With increased scrutiny of purported independent contractor relationships, employers should re-evaluate their worker classifications. Such a review could reduce the risk of costly taxes, fines, and penalties for employers in the event they have misclassified their employees as independent contractors

So What? Total Workforce Risks Are Imminent.

I reached out to a few attorney friends and asked – how real is this? I personally know we have been getting phone calls to do more contingent workforce audits.

The reality is those who do AAP consulting such as Pinnacle AAP ( have seen an increase in audit requests related to OFCCP compliance. This is due to new OFCCP leadership, the changes in business philosophy and the fact that auditors will be going directly onsite with client corporations.

New laws are coming into effect such as Bill 139 in Canada. Bill 139 is designed to provide new rights for temporary workers and will change how staffing providers charge and manage these resources. Cheryl Thacker and Darryl R. Hiscocks in an article published about this bill state: Temporary agencies typically charge a significant “finder’s fee” to prevent or discourage a client from hiring a temporary employee permanently. Under the proposed legislation, temporary agencies would be prohibited from charging a “temporary to permanent” fee where the employee has been working for the client company for six months or more. This would imply that an audit of tenure and cost of conversion will need to be monitored and audited for legal compliance.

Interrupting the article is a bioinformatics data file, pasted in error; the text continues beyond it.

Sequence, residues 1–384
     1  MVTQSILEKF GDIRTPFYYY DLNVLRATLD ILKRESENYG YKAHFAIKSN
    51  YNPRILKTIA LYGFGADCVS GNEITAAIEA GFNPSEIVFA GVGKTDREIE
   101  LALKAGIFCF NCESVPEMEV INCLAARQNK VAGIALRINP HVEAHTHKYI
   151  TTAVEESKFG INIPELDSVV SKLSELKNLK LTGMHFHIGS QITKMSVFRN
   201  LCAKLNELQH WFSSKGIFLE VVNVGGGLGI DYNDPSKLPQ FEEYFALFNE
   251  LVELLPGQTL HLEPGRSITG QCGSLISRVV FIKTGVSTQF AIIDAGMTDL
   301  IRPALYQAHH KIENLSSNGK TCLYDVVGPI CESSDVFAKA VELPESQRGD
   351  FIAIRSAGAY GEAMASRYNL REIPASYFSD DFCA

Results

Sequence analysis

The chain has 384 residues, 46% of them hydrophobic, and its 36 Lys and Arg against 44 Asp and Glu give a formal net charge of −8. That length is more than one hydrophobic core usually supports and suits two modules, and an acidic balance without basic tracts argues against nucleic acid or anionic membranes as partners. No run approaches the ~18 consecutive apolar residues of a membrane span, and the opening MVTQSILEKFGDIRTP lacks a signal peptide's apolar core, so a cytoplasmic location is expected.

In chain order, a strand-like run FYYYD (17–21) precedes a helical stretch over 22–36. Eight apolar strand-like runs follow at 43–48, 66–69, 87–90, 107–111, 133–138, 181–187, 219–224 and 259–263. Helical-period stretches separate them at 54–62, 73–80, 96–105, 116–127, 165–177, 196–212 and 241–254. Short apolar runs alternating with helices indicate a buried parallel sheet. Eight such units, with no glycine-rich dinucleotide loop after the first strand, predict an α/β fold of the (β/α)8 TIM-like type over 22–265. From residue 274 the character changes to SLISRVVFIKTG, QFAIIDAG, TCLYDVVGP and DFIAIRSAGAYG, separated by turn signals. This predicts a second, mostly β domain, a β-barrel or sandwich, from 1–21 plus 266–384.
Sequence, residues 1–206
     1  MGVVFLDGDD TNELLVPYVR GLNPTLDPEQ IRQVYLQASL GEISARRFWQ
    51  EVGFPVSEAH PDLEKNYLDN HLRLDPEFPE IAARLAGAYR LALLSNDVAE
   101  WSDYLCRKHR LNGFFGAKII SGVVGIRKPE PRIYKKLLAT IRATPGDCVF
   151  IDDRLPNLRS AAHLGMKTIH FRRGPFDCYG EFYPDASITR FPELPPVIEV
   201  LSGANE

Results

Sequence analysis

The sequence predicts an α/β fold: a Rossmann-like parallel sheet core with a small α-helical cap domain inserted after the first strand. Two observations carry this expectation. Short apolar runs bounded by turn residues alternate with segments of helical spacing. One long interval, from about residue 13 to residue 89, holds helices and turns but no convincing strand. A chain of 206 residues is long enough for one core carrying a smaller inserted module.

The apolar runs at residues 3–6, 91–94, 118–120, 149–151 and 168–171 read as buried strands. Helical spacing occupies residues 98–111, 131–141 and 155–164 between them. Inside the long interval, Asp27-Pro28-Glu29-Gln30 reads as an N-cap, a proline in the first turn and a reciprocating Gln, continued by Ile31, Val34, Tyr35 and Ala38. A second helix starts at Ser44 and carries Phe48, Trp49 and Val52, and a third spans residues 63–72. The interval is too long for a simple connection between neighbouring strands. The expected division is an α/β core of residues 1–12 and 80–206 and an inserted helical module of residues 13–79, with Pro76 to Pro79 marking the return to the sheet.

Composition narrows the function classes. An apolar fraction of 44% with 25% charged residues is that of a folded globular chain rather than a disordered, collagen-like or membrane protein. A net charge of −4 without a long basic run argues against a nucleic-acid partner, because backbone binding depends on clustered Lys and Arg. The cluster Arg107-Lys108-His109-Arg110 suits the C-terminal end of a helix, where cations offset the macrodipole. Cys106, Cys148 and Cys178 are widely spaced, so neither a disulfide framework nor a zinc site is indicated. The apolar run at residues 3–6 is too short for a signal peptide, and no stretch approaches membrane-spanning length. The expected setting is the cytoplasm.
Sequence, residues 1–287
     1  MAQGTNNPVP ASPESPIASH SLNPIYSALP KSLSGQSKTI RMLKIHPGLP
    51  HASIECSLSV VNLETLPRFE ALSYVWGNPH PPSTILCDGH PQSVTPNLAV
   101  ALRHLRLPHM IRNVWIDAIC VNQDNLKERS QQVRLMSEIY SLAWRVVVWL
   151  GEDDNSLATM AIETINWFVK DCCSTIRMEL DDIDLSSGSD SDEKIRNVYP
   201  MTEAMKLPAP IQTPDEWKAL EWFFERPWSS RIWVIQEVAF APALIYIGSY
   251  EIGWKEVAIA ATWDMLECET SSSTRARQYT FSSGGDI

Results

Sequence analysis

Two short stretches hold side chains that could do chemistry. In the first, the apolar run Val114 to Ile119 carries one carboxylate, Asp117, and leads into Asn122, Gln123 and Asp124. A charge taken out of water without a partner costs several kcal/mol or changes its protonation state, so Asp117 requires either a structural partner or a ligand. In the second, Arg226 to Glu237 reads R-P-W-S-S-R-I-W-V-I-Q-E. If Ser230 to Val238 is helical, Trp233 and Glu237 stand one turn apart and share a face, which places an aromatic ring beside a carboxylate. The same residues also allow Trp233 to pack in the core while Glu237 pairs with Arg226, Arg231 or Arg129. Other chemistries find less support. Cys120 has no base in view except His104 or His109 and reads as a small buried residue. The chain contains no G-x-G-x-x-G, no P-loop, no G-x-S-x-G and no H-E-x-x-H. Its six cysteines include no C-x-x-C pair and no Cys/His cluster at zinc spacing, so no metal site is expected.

Other areas of contingent management risk that we see are: Are your 1099’s valid?, Do 1099’s have the appropriate insurance? How long have 1099’s and contractors worked for your organization? How are contractors treated inside your organization? Do the rates you have negotiated with your supplier are they being adhered too? How are contractors and temporaries acquired and tracked? When a contractor leaves, how are they off-boarded? When a contractor is converted to full-time, how is this tracked in the permanent hiring process? How do you track people who are laid off from full-time and immediately accept a contract position?

The reality is talent acquisition and management is a process that must be well managed. The type of talent and the changes in our working environment will challenge the whole concept of “full time” work as we know it today. I see this as a perfect storm, where companies are changing, the laws and risks are coming into focus and the ability to respond effectively will require the talents of multiple disciplines. The reality is, we need people to do the work. The type of people will vary based upon the work and end product desired. HOW we acquire, pay and manage these peoplewill need to be better structured, managed, tracked and trended – so risk, cost, quality and HR effectiveness can be accomplished at the end of the day. Policies can no longer be lightly interpreted because sites such as are bringing to the forefront the lawsuits and costs associated with IRS and OFCCP activities. We have now entered the age of TOTAL WORKFORCE MANAGEMENT. Ready or not, here it comes.